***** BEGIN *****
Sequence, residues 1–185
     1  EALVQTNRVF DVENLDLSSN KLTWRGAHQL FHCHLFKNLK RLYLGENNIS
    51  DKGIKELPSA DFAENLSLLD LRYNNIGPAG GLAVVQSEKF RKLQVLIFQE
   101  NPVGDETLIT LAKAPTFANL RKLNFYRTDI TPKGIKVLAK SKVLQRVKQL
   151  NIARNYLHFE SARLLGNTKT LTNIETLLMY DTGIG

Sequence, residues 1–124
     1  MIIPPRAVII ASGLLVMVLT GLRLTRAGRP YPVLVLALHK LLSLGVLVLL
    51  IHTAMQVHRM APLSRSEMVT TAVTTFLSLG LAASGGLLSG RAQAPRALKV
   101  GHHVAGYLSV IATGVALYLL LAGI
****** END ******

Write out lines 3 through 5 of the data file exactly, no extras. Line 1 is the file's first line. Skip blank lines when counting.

    51  DKGIKELPSA DFAENLSLLD LRYNNIGPAG GLAVVQSEKF RKLQVLIFQE
   101  NPVGDETLIT LAKAPTFANL RKLNFYRTDI TPKGIKVLAK SKVLQRVKQL
   151  NIARNYLHFE SARLLGNTKT LTNIETLLMY DTGIG